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Impact of Allergies in Children

When we talk about allergies in children it is easy to focus on what tools the parents need or how best to support the child. It’s easy to forget the main person affected by it all is ‘the child’. Irrespective of age, gender, race, or socioeconomic status, the impact of allergies on a child’s mental health cuts across and should be addressed. This easily forgotten aspect of care is important and it helps give a 360 holistic view of the support given to children with allergies. In this blog post, I will like to address the various ways having an allergy can affect the well-being of a child.

Anxiety and fear, especially in the uncertainty of allergies in children, are one of the ways allergies can affect a child. The recovery from the physical symptoms of allergies may take a few days but the psychological ones can linger for a while. Research looking at pediatric patients aged 4-12 years showed that children with food allergies are more likely to suffer from anxiety than children without them.

The research also suggests that food allergy is linked to elevated levels of social anxiety and fear of social rejection and humiliation. This can affect the child’s personality and when identified the child can be supported appropriately. If not well addressed can result in constant anxiety for the child. A practical way to deal with anxiety is to have practice sessions on dealing with situations that lead to anxiety so that the child can gain confidence in handling such situations over time.

The child’s participation in overcoming anxiety can be motivated with praise, reward, and points or stickers as you chart the progress. For teenagers, a different reward system may work better e.g., an extra privilege. Guidance on behaviour is also provided during reintroduction or desensitization programs. The parent can work with the child and the healthcare professional in these sessions to address this too.

Another which is particularly associated with a food allergy is a possible negative relationship with food. This could include food aversions and refusal. It is important to seek help and support if observed in a child with food allergies. To address this, a detailed account of the regular relationship with food (e.g. a 24-hour food recall is needed. Then, the daily practice of approaching such situations or food could be taken a little at a time. It is necessary to take baby steps that are comfortable for the child. The involvement of the child in the preparation of their meal may also help increase confidence.

Sleep deprivation due to allergy symptoms could be observed in children with allergies. These symptoms could affect mood and concentration at school. For such children working with them to improve sleep could play a huge role in improving mood and subsequently concentration at school. Practical tips to help improve sleep could be adopted to help support the child. A bedtime routine can play a huge role in supporting the child to develop a better sleep pattern.

Visible symptoms of allergies in children including eczema and hives could cause low self-esteem. Working with parents with allergies is particularly important for children in their teens when appearance and looks are important. For such children, whilst supporting them to alleviate the impact of such on their health, it is also important to consider their self-esteem; as this may affect their confidence and interaction with their peers. In situations where peers are involved, active education of the peers through the education system may help support such children to feel included.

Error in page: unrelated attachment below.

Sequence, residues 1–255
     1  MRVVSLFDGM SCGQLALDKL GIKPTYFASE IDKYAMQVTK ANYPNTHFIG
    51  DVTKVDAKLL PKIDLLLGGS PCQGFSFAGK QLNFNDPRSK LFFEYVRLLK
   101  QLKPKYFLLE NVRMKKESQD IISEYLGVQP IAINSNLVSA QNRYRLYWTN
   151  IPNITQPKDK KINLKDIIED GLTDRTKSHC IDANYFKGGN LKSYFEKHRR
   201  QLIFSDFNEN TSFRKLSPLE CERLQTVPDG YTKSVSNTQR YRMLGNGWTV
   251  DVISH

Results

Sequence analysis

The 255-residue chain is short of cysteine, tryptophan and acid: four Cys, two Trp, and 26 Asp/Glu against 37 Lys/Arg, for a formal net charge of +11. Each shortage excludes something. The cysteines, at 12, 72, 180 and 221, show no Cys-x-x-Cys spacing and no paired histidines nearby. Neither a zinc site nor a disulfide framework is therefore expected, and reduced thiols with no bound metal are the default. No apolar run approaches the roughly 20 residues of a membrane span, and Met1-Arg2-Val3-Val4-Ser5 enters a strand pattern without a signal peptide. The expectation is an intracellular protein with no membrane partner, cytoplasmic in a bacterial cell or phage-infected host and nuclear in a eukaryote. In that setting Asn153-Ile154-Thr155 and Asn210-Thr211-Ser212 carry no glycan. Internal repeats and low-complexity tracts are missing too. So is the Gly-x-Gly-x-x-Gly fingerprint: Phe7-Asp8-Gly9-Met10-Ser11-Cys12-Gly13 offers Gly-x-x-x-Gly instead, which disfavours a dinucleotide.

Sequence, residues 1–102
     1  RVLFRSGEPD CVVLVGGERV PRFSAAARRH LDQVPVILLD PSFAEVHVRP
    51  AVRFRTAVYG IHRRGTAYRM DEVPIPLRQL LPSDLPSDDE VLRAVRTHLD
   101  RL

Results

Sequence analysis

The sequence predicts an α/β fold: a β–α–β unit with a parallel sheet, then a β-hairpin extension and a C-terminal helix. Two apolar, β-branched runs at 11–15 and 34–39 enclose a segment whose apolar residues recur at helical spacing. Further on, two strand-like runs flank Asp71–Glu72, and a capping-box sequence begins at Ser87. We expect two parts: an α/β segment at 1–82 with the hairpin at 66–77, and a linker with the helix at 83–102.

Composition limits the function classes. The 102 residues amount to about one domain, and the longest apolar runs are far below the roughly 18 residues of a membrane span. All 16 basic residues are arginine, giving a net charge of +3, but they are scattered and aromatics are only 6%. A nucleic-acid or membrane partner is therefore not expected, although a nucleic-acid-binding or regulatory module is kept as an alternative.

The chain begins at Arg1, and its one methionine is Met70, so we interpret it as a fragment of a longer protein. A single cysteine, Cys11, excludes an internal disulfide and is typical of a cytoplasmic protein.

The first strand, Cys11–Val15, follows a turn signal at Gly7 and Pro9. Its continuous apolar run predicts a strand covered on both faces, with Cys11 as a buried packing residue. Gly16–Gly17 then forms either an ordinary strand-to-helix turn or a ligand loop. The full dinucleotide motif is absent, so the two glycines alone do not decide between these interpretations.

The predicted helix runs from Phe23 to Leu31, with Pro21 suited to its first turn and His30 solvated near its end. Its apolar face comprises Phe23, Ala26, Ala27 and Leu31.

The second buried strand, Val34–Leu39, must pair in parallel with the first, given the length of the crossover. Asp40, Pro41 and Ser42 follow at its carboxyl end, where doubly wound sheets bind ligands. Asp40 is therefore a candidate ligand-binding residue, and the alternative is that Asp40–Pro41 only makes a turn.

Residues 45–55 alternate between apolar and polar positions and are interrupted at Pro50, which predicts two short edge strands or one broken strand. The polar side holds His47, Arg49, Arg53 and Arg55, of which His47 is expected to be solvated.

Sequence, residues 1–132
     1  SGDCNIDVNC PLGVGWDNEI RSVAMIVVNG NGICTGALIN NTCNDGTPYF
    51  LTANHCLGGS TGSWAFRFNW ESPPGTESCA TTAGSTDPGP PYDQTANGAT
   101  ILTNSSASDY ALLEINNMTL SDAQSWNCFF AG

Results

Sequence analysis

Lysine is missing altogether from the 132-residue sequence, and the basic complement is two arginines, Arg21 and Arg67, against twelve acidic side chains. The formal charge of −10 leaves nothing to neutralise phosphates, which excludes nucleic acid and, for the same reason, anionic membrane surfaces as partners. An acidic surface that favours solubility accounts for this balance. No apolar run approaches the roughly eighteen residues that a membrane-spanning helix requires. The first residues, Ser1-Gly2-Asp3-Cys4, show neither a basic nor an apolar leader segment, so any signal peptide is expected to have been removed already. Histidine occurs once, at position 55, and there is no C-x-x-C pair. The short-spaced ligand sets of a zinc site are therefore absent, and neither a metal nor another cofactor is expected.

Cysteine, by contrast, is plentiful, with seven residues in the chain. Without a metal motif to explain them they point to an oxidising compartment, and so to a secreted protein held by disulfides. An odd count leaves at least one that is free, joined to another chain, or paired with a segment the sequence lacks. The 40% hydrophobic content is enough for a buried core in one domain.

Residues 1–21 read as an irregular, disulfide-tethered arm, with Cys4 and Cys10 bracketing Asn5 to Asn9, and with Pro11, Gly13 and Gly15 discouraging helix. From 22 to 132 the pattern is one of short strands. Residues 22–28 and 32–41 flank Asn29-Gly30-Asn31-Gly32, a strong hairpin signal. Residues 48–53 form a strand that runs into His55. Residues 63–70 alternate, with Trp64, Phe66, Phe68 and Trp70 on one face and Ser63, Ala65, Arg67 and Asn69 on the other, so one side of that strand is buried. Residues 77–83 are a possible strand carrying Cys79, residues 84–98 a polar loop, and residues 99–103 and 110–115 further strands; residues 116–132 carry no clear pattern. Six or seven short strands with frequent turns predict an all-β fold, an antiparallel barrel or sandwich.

Another impact of allergies in children could result in a fear of using adrenaline auto-injectors. This can be harmful to their health and highlights the need for the proper education of the child about the need, use, and importance of adrenaline auto-injectors. It is advisable for education on auto-injectors to start early and carry on as the child grows into the teenage years. At each stage, it is necessary to keep the information simple and appropriate for their age.

Finally, isolation around social events such as birthday parties and eating out at restaurants is another impact of allergies in children. This can be difficult to manage especially for birthday parties as this could involve constant education of other parents who may not be aware of the child’s condition or the impact on the affected child. It also can result in nervousness around attending events as it may be safer to stay away. This results in the isolation of the child.

Constant education for people in the child’s network is important as this may be something not under the influence of close family and friends who already know how to support the child.

With all the impact of allergies on children, it is important to seek help and support for each situation the child may be dealing with. I hope you have found this blog post resourceful. Let me know your thoughts in the comments below.

Dr. Uche


1. Manassis K (2012) managing Anxiety related to anaphylaxis in childhood: a systematic review. Journal of Allergy. Article ID 316296. Doi.10.1155/2012/316296

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